Aafia Siddiqui’s sister Fowzia addresses the media

As an organisation, Islamic State knows the market value of women. This is evident not only by their trade in looted women, but in their offers to exchange foreign hostages for the release of two women who they have branded as their own — veiled jihadist pin-up girls Aafia Siddiqui and Sajida al-Rishawi.

Siddiqui is the Pakistani neuroscientist who is serving an 86-year sentence in the United States after being convicted of attempting to kill American agents while being interrogated in Ghazni, Afghanistan in 2008, while al-Rishawi was sentenced to death in Jordan after failing to detonate her explosive belt during a 2005 triple-bombing attack in Amman that killed 60 people.

Siddiqui holds enormous star power in Pakistan, where she is widely regarded as the innocent victim of an American conspiracy and where stories circulate about her mistreatment while in prison. The US-trained neuroscientist disappeared along with her three children in 2003 after being placed on an FBI global alert list. In 2004, she became the only woman on a list of seven most wanted al-Qaeda fugitives. US authorities claim that she was on the run with her al-Qaeda co-conspirators, until she reappeared in Afghanistan in 2008. She was taken into custody and supposedly managed to grab a rifle and fire upon her captors, shouting “Death to America!” Her supporters, however, believe that she was secretly detained by either the Pakistani or US authorities during those missing years.

No wonder, then, that IS should seek to associate itself with her brand. Last year, it offered to exchange the American journalist James Foley for her — an offer that the United States unsurprisingly declined to pursue. After broadcasting Foley’s execution, IS made a similar offer with regard to Steven Sotloff, with a similarly gruesome outcome. Siddiqui’s sister has disassociated the family’s campaign for her release from the proposed deals, telling Newsweek that IS was just trying to capitalise on Aafia’s cause.

Al-Rishawi lacks Siddiqui’s glamour, but on the other hand, as the reported sister of a close aide to the Abu Musab al-Zarqawi, she has an impeccable al-Qaeda pedigree. In 2005, she and her husband travelled from Iraq to Jordan in order to participate in a co-ordinated attack on three separate hotels in Amman. When her bomb failed to ignite, her husband pushed her back out of harm’s way before detonating his own device, killing 38 wedding guests. IS demanded her release first in exchange for Japanese journalist Kenji Goto and then for Jordanian pilot First Lieutenant Moaz al-Kassasbeh (who Jordanian officials believe was likely already dead).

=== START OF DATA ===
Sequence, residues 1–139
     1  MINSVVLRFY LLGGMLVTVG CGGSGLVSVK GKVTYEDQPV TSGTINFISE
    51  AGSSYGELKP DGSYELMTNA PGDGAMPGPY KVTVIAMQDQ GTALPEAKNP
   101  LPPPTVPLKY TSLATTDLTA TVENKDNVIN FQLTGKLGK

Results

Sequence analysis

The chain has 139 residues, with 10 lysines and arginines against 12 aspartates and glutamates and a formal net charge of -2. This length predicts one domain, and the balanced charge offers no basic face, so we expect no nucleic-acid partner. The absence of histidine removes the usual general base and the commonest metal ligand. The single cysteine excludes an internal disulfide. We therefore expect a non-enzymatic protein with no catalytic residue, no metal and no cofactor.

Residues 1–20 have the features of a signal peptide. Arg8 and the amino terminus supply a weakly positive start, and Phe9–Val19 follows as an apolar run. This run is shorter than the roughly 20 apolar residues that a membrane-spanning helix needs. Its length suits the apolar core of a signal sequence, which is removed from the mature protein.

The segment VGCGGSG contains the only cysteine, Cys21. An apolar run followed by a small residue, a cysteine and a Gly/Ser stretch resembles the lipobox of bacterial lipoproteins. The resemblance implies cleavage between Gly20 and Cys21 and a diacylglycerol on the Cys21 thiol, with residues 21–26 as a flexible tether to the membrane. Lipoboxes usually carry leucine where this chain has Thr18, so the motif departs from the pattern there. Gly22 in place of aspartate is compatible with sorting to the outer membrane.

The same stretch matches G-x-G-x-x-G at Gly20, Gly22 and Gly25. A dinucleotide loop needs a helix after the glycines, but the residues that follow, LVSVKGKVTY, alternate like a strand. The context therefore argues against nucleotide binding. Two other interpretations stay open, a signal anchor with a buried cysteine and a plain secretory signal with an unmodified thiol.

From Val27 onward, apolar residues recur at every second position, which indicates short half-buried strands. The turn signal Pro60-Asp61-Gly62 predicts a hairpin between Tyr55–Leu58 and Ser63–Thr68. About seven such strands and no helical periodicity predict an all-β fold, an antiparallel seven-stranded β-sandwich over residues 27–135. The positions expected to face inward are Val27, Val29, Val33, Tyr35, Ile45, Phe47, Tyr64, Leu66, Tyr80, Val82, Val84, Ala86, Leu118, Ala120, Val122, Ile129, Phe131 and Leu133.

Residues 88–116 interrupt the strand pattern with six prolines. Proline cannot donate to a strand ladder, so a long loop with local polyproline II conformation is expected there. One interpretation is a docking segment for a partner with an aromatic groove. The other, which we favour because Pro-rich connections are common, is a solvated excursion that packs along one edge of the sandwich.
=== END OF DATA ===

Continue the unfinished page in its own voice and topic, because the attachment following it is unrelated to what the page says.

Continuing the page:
“Jordan’s response will be earth-shattering,” said Jordan’s Information Minister after IS eventually released the notorious video showing al-Kassasbeh’s execution by fire. Hours later, the most obvious prime target for revenge, Sajida al-Rishawi, was hanged alongside convicted al-Qaeda operative Ziyad Karboli. But al-Rishawi’s execution may serve IS’ purposes at least as well as her release could ever have done. Analysts note that the escalated use of female suicide bombers is in large part due to the high volume of media coverage they attract in comparison to their male counterparts. In this regard, al-Rishawi’s “failed” suicide bombing comes as a spectacular success. Her martyrdom comes nearly a decade later than originally planned, but in public relations terms it has achieved more than she and her co-conspirators had ever dared hope.

All this is happening as the horrific treatment of Yazidi women and girls by their Islamic State captors adds another chapter to the global history of rape as a means of ethnic cleansing and symbol of conquest. Reports from Amnesty International and Human Rights Watch document systematic forced conversions and sexual slavery against captured women, including “giving” away young women to favoured flunkies or selling them to the highest bidder.

IS, then, enforces a particularly brutal form of patriarchy while staging high-profile rescue missions for select maidens-in-distress. This fits the pattern in which IS performs its own abuses as a gruesome mirror to those committed by its enemies. The murder of the pilot al-Kassasbeh was explicitly staged as a re-enactment of the deaths caused by aerial bombardment. And its answer to the international condemnation of the abuses it is committing against Yazidi women and girls is to place its own martyred and imprisoned heroines in the spotlight.